By Ahmed Hussain Adam
South Sudan, the world’s newest nation, is in deep political crisis. In July 2011, the people of South Sudan overwhelmingly voted to establish an independent sovereign state in the hopes of ending the unspeakable persecution committed against them by successive governments of Sudan, including the current regime in Khartoum. The existence of an independent South Sudan, however, has come at large costs. In the struggle for independence, millions of South Sudanese people have been killed or forcibly displaced. Today, the South Sudan faces mounting obstacles that are testing its ability to rise above ethnic violence and despair.
Reports on current ethnic violence in South Sudan are frightening. There are many indications that unless there is an immediate response, the unfolding ethnic violence could escalate into a genocide or a civil war. Such a catastrophic war could inflict enormous human suffering; undo the progress South Sudanese have made to establish political stability. Equally important, a crisis in South Sudan would undermine regional peace and threaten international security.
What began as a political dispute in the newly established state has burst into rampant ethnic violence. Earlier this year, President Salva Kiir dismissed several members of his cabinet, including former Vice President Riek Machar, sparking military personnel loyal to Machar to refuse disarmament. After Kiir claimed a coup, Machar alleged that Kiir was purging the government of his competitors. Former Vice President Machar and other SPLM’s veteran leaders are now challenging President Kiir. The conflict between BET then expanded to their two respective ethnic groups—the Dinka, representing Kiir, and the Nuer, representing Machar. However, the violence has now expanded far beyond the leaders and their supporters, affecting nearly everyone in the country. According to the UN, hundreds have been killed; thousands have been displaced; and the entire population is living in a state of fear.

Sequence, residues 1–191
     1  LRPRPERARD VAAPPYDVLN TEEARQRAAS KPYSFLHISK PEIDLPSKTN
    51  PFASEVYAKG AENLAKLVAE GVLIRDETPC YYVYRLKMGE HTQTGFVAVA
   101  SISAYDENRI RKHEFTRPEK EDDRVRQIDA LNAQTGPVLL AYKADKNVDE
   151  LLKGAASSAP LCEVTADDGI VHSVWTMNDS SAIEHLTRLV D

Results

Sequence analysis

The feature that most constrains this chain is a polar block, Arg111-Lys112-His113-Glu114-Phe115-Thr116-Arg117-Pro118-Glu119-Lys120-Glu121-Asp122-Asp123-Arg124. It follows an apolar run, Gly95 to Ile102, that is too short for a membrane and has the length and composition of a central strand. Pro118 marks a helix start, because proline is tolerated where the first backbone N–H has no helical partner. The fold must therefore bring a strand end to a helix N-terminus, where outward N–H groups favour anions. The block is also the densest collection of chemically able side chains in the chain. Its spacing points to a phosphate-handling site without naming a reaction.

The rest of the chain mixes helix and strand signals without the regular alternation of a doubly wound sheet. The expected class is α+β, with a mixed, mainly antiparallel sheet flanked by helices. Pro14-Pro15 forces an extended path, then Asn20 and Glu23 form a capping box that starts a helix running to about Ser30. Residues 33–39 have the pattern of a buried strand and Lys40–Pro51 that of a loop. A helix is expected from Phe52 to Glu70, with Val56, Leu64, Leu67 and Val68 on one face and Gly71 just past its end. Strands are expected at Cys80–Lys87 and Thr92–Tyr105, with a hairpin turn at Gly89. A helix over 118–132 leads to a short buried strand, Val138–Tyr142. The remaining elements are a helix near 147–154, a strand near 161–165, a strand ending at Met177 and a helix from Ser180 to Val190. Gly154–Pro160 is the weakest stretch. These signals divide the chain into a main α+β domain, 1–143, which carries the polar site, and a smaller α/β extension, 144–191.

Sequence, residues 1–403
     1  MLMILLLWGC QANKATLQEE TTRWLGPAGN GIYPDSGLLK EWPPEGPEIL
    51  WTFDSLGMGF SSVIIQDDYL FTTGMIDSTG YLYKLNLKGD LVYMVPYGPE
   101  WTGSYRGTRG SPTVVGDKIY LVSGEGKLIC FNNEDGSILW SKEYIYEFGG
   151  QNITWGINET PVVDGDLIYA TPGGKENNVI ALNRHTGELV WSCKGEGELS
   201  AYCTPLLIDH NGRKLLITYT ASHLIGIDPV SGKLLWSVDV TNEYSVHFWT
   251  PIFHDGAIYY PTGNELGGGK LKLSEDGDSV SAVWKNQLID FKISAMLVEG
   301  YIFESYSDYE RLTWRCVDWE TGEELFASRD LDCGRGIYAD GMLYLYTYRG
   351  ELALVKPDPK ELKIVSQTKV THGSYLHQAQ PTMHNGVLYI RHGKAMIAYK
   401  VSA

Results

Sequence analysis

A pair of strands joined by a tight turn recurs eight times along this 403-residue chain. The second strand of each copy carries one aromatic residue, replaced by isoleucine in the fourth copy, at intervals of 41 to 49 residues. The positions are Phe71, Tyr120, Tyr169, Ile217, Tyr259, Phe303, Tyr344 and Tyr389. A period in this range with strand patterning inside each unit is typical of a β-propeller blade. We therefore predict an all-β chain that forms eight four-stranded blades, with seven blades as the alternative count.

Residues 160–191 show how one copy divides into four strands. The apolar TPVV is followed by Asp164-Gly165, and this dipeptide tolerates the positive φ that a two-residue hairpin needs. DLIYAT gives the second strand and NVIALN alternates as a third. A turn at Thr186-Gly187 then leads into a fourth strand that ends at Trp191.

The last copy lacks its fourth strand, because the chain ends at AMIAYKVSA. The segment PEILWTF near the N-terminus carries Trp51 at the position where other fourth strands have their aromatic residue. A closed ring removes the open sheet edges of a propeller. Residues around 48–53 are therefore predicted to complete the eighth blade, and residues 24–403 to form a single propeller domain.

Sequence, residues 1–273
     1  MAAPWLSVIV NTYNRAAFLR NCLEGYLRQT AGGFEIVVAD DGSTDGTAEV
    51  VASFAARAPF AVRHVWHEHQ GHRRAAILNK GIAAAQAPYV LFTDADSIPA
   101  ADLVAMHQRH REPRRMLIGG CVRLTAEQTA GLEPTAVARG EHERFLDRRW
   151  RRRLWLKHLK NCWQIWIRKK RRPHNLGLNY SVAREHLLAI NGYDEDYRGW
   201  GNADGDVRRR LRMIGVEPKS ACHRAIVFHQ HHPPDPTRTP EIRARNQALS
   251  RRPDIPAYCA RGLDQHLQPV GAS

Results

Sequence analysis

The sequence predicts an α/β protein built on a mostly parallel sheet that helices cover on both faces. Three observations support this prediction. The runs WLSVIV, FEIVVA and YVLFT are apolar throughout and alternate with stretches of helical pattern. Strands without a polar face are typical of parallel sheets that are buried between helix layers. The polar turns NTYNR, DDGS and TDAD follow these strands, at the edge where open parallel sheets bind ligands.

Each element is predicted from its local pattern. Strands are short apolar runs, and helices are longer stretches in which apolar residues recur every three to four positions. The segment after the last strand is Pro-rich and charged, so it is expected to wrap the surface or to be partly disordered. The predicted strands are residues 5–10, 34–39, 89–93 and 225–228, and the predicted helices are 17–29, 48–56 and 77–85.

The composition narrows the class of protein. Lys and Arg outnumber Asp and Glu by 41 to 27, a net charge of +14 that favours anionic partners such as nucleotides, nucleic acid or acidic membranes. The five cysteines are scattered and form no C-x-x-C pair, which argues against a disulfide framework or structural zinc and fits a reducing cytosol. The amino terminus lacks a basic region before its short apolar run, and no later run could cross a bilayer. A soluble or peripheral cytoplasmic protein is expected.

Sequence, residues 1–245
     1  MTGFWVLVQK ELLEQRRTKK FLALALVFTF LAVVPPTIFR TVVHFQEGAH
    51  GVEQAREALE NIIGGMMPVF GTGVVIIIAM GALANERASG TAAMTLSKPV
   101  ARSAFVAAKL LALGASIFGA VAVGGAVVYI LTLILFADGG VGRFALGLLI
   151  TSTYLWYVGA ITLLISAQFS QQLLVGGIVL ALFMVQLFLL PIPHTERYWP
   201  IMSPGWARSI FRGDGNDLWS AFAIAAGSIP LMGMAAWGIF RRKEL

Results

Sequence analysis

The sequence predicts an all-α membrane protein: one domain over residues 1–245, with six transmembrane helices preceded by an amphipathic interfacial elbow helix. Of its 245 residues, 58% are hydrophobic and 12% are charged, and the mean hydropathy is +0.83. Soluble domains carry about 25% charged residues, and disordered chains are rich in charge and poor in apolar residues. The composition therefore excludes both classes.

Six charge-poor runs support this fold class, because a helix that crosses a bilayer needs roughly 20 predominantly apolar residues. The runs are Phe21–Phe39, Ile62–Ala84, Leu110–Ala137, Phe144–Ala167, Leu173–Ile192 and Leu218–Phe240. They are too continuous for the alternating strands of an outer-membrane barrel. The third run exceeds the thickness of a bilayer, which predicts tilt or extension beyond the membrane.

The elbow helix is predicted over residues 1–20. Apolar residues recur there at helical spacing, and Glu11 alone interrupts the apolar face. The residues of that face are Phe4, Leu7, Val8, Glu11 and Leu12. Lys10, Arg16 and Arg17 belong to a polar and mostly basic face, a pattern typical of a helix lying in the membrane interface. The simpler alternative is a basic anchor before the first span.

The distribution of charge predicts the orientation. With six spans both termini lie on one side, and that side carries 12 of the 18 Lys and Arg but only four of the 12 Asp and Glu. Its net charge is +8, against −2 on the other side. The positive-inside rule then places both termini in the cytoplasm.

On a global scale, outside actors are watching, and in some cases, trying to influence the events in South Sudan. The enemies of South Sudan, chief among them the regime in Khartoum, are hoping that South Sudan will fail. South Sudan’s oil fields are a vital interest for North Sudan, and Omar Bashir’s regime has been planning for some time to exploit these kinds of political and ethnic tensions to advance his regime interests. Though Bashir accepted the outcome of the referendum and recognized the Republic of the South Sudan as a sovereign state, he did so only to quell mounting international pressure and threats of increased sanctions and isolation. In the interim, Bashir has explored several other tactics, namely destabilizing the South by exploiting its ethnic divisions. Indeed, Bashir and his racist ruling party in Khartoum are counting on South Sudan to collapse, an outcome his party hopes would leave the state without any option other than to beg Khartoum to re-join the failed union of Sudan.